As an international student, studying abroad is more than exams and classes. It is also about learning new cultures and meeting different types of people. Sometimes though, we go into a new culture with stereotypes and biases. American culture has a very different feel than European or Asian cultures and there are some misunderstandings about Americans. Here are some common misconceptions about America that are not always true.


Americans are not curious about the world
The reason that this is believed is because in many parts of the world, people watch America’s media and listen to American music, making American culture widely known.  However, Americans do not pay too much attention to other countries media so they are not as aware. And while Americans are statistically not good at geography, it is taught in schools and there are options to take geography in higher education. Still, try to get over these stereotypes: usually in colleges or universities, American students get more and more open to the world around them and you will surely have great conversations about cultural differences with your new friends on campus. Additionally, hundreds of thousands of American students spend a semester or year abroad and get exposed to other cultures through this experience.
Americans don’t appreciate football (soccer)
Yes, it is called soccer in America. However, soccer participation among youths in America is among the highest in the world. Soccer is the third most watched sport in America after (American) football and baseball. You can even watch popular games on TV as there are some American channels that show soccer games and follow all types of international sports: FoxSport, ESPN, Gol TV are among the most famous sports channels. Playing sports on campus, whether it is soccer or American football is a great way to meet new friends and to get into the local culture. Do not miss those opportunities.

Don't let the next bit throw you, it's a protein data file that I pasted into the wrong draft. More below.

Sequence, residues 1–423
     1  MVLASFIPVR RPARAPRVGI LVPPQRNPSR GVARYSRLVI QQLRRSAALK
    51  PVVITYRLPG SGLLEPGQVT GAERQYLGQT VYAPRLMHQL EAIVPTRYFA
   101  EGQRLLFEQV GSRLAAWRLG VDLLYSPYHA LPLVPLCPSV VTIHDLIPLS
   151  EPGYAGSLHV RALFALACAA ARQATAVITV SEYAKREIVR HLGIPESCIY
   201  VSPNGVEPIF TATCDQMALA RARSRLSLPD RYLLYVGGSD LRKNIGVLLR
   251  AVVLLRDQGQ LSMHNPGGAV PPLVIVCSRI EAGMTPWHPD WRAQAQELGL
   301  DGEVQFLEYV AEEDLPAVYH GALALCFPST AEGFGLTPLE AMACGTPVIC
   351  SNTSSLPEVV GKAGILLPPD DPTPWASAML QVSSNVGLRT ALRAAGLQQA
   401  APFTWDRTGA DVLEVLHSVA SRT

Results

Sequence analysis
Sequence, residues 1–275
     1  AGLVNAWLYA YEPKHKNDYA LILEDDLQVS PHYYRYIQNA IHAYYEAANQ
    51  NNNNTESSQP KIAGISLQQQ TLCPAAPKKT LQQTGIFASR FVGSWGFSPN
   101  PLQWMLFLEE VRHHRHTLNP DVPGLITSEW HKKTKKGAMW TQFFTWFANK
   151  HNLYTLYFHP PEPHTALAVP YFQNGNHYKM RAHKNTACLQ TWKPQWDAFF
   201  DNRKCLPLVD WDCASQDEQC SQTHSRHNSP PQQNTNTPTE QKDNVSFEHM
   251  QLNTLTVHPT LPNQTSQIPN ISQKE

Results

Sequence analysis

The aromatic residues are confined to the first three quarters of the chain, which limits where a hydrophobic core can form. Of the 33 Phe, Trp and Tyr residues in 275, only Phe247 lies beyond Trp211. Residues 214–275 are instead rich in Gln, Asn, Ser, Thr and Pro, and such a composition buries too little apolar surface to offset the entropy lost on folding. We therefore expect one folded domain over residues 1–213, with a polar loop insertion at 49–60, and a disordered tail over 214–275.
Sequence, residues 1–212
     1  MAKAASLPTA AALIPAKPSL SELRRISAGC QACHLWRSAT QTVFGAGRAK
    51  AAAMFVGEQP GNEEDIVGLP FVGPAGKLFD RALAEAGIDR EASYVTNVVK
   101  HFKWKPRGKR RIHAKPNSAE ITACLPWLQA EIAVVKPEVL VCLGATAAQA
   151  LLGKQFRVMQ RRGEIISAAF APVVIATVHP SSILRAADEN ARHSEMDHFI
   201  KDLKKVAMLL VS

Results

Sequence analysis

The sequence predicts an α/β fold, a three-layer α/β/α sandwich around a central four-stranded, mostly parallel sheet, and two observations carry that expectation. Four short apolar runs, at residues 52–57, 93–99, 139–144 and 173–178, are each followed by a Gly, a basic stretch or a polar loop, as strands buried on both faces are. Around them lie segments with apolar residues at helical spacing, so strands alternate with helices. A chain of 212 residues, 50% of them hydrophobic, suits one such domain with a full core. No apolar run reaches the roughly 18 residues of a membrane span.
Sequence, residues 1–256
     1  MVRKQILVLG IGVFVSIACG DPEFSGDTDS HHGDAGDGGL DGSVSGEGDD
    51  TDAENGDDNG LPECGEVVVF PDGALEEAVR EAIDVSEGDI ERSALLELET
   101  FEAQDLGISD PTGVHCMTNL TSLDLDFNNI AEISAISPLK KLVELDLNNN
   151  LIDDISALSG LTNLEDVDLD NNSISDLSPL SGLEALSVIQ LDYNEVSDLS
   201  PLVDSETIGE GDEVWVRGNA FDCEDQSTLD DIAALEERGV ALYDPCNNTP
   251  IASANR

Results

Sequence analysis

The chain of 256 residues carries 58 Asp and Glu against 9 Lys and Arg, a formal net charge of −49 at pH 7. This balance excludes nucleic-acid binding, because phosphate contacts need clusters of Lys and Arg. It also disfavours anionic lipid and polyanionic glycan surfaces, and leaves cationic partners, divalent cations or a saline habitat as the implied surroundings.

Americans are overly patriotic
This is true in certain cases, Americans are very proud to be American. You can see the American flag easily in the streets. However, it is not uncommon in Europe and the rest of the world to be patriotic of your own country. If you meet someone from India or Russia or anywhere in the world, they are just as patriotic as Americans. Americans also know how to have fun with their patriotism. The 4th of July is a holiday celebrating American independence and it is one of the most fun holidays. There are a lot of fireworks that are free to go and see and Americans usually have cookouts and grill hamburgers. This is a good opportunity to try some American cuisine and get invited in American families or with your new friends on campus.


If you don’t have healthcare, you won’t get any help
Yes, America does not have universal health care. However, even if you don’t have healthcare coverage you will still be taken care of. Doctors have taken the Hippocratic oath that says they must take care of any and all patients that need their help. You may receive a large bill in the mail later though…
All Americans are obese and lazy
Probably the most popular stereotypes about Americans is that they are all obese and eat nothing but McDonald's and other types of fast food. While there are some who fit the stereotype, most Americans aren’t fat and actually care about fitness and health and eating healthy. Sports and fitness are an active part of American society. You will surely experience it on your campus while studying abroad. You might be surprised by how young Americans can be body conscious and how you can easily find healthy food and places to exercise. It is all a matter of choice.

Need more help with planning your studies, internships and the steps following graduation?